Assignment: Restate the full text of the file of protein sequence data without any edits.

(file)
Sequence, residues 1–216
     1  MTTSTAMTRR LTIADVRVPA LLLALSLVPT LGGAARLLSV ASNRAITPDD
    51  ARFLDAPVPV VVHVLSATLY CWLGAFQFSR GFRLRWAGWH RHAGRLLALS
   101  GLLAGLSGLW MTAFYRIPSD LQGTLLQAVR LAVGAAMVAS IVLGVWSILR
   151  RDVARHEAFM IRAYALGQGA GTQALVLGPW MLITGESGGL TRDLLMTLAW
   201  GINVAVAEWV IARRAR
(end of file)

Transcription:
Sequence, residues 1–216
     1  MTTSTAMTRR LTIADVRVPA LLLALSLVPT LGGAARLLSV ASNRAITPDD
    51  ARFLDAPVPV VVHVLSATLY CWLGAFQFSR GFRLRWAGWH RHAGRLLALS
   101  GLLAGLSGLW MTAFYRIPSD LQGTLLQAVR LAVGAAMVAS IVLGVWSILR
   151  RDVARHEAFM IRAYALGQGA GTQALVLGPW MLITGESGGL TRDLLMTLAW
   201  GINVAVAEWV IARRAR